Cherelle Parker, a Democrat who has held office at the state and local level after first becoming involved in politics as a teenager, was elected Tuesday as Philadelphia’s 100th mayor, becoming the first woman to hold the post.
Voters were also choosing a new leader for Allegheny County, which is home to Pittsburgh. The races will set the electoral stage for 2024, when the state will be a presidential battleground state, with candidates taking lessons about how Democrats see crime and the strength of progressives in local races. into the next election cycle.
Parker, 51, emerged from a crowded field of Democrats in the May primary and was heavily favored over Republican David Oh in the city, a Democratic stronghold. She will replace Democrat Jim Kenney, who was ineligible for reelection due to term limits.
She campaigned on a promise to make Philadelphia the “safest, cleanest, greenest big city in the nation that will provide access to economic opportunity for all.”
Parker, who served for 10 years as a state representative for northwest Philadelphia before her election to the city council in 2015, touted herself as a leader whose government experience would allow her to address gaping problems in the city.
“We can’t solve these problems alone,” she said in a previous interview. “We need federal, state and local government, along with the private sector and philanthropic communities, to help us address the public health and safety.”
Parker’s moderate message resonated with voters who are increasingly worried about public safety as well as quality-of-life issues, from faulty streetlights to potholes to trash collection.
“We will have a police department that is supported by the mayor that is the best, well-trained and is proactively engaged and woven into the fabric of our communities, along with mental health and behavioral health supports, along with social and human services and connection to employment opportunities and workforce development address and quality of life issues,” she said.
At Parker’s election night watch party, supporters hugged in celebration. Among them was Carolyn Mosley, 57, who said her main concerns going into the election were crime and taxes.
After meeting Parker at a church event earlier this year, she was “100% sold,” she said: “I believe that she can effectively change Philadelphia.”
“Her story reminds me of my story,” said Mosley, who is also a Black woman. “And I can see girls can emulate her.”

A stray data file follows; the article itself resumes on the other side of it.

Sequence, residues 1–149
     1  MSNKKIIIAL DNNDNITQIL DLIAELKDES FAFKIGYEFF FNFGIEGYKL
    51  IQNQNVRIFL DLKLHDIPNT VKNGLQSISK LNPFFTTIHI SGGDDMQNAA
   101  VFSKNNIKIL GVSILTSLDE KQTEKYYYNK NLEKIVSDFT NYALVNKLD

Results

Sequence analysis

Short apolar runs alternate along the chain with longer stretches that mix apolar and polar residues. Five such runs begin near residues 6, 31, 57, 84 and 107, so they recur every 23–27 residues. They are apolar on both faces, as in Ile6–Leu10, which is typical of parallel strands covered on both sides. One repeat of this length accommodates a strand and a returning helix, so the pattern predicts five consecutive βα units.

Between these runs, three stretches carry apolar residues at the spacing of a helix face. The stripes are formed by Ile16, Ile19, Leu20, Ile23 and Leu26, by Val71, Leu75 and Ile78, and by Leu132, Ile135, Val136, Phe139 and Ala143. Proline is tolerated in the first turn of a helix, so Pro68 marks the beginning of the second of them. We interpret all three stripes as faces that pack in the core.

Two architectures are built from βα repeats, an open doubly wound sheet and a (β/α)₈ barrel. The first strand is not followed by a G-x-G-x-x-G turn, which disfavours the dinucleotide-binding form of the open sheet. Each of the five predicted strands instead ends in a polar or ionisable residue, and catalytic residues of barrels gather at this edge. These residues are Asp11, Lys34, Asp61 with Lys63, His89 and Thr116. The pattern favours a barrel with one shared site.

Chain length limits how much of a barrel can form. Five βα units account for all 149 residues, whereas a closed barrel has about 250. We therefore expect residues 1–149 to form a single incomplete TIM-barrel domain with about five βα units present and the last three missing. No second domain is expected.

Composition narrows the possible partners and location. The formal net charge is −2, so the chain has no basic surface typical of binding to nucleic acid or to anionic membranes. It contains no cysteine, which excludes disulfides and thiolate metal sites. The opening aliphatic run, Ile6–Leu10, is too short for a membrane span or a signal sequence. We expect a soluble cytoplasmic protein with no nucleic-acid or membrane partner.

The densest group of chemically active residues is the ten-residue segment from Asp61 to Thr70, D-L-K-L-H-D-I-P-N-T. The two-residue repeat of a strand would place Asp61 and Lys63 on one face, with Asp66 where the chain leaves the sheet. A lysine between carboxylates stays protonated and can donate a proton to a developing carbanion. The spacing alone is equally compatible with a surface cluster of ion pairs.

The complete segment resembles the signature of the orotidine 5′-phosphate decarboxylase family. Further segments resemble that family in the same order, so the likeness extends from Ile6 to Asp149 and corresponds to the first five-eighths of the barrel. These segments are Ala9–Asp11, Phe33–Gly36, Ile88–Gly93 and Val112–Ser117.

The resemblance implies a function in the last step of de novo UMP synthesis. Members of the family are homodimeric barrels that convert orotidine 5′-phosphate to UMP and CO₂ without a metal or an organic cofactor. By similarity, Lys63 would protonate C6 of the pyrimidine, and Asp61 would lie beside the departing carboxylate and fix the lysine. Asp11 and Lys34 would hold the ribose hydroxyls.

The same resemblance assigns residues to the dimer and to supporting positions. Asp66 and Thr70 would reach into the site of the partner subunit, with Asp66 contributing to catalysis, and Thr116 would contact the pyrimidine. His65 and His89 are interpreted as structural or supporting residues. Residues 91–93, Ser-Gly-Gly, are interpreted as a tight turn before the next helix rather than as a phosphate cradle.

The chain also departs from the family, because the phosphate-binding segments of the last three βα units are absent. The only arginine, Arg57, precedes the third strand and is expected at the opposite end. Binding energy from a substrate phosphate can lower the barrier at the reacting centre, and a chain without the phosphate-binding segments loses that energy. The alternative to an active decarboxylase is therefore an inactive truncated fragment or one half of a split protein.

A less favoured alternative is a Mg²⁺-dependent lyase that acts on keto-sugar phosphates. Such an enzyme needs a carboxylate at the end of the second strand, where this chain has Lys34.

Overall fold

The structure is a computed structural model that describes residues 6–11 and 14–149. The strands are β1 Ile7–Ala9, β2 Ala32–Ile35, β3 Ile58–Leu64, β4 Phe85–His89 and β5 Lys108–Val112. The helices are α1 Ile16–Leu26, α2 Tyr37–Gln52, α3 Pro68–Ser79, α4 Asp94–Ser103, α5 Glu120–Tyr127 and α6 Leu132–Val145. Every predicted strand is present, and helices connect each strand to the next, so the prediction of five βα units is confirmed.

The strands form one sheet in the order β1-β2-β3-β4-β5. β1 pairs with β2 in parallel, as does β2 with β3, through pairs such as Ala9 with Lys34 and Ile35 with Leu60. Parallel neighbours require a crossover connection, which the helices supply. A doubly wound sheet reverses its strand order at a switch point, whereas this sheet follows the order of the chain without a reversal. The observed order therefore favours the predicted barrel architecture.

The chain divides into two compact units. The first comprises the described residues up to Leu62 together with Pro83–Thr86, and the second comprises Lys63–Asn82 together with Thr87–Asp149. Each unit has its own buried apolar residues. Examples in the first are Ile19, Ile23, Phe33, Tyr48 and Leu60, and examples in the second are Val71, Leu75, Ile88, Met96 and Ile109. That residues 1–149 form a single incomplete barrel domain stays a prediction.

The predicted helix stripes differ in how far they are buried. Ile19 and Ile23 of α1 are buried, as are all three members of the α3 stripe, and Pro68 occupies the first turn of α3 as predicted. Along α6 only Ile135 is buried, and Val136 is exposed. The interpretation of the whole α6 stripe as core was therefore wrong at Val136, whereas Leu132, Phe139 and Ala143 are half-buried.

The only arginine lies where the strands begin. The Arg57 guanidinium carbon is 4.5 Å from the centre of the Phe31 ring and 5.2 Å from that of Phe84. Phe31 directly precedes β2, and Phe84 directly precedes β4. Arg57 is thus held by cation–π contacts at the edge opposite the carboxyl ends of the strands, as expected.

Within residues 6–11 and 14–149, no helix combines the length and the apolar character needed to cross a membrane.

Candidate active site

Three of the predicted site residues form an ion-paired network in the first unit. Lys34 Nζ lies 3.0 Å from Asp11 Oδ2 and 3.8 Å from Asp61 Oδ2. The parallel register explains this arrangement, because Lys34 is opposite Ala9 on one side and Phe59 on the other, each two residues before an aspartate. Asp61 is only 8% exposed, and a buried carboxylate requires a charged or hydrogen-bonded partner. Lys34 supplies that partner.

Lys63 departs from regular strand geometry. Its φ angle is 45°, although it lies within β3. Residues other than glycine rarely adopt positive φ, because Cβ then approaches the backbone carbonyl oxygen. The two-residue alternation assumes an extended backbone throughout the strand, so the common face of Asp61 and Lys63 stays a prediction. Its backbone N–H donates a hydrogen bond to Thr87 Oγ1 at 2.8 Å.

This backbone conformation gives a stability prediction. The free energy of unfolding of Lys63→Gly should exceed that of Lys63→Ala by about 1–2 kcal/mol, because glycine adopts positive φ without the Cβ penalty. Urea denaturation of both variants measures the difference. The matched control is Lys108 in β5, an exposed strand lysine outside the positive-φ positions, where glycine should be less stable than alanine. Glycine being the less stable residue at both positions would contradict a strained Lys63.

Across the state in western Pennsylvania, voters were choosing between progressive Democrat Sara Innamorato and Republican Joe Rockey for their next Allegheny County executive.
Innamorato, 37, is a former state lawmaker who resigned to pursue local office. Pushing to modernize county government and create a community-driven office, she campaigned on progressive policies like taking a public health approach to public safety, affordable and dignified housing and a revamped workforce. She also has invoked national issues such as abortion and voting rights that can be protected at the local level.
Rockey, 59, is a retired chief risk officer for PNC bank who has touted his business expertise as giving him the ability to manage the budget and workforce. He identified public safety, jobs and taxes as top concerns to voters and rejected letting specific ideologies drive decisions at the county executive level. He’s sought to appeal to moderate voters.
Though Allegheny County leans Democratic, a Republican was narrowly elected to the position when it was first created in 1999.
Voters in the county were also deciding between a 25-year incumbent and the county’s chief public defender in a race for district attorney that is a rematch from the May Democratic primary, in which Matt Dugan defeated longtime incumbent Steve Zappala. After a late campaign, Zappala received enough write-in votes in the Republican primary to run as that party’s nominee in the general election.
Dugan, 44, has called for reform of the office and pushed for new leadership. He emphasized diverting low-level, nonviolent offenders to mental health and substance abuse programs rather than cycle them through the criminal justice system. He said that would let prosecutors focus on violent crimes and also help break the cycle of recidivism.
Zappala has criticized those proposals, highlighting his record and career in the office and arguing in favor of prosecuting low-level crimes so they don’t spiral out of control. He said his opponent offers only “empty promises, empty assurances.”
Editor’s note: Lead image update, story update with details from Parker's Election Night watch party and comment from supporter.